Sperm have traditionally been regarded as energetically cheap and effectively limitless in supply, although evidence conflicting with this view has become increasingly abundant. For instance, males from a variety of taxa have been shown to strategically partition sperm across ejaculates in response to perceived sperm competition risk. It follows that males might also be predicted to adaptively modulate the rate at which sperm are produced. Here we show that, in the giant sperm producing fruitfly Drosophila bifurca, solitary males with infrequent access to females produce sperm at a much lower rate than males raised in association with females and other males. Our results support the prediction that males with little risk of sperm competition risk or few mating opportunities should divert resources away from gamete production.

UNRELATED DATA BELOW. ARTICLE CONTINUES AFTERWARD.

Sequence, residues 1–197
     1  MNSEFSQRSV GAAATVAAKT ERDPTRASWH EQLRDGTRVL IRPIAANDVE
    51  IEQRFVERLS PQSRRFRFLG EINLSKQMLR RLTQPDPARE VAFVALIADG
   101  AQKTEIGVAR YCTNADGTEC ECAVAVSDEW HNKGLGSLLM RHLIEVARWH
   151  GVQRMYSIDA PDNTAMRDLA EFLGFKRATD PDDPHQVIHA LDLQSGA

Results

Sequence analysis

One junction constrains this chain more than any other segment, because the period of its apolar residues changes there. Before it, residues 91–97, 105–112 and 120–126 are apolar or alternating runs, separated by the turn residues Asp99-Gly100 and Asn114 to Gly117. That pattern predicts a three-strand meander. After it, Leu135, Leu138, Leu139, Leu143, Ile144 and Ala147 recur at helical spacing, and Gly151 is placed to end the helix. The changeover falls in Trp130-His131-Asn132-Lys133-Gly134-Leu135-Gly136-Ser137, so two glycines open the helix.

- Drosophila bifurca
- Sociosexual situation
- Sperm competition
- Sperm production rate
ASJC Scopus subject areas
- Agricultural and Biological Sciences (miscellaneous)
- Agricultural and Biological Sciences(all)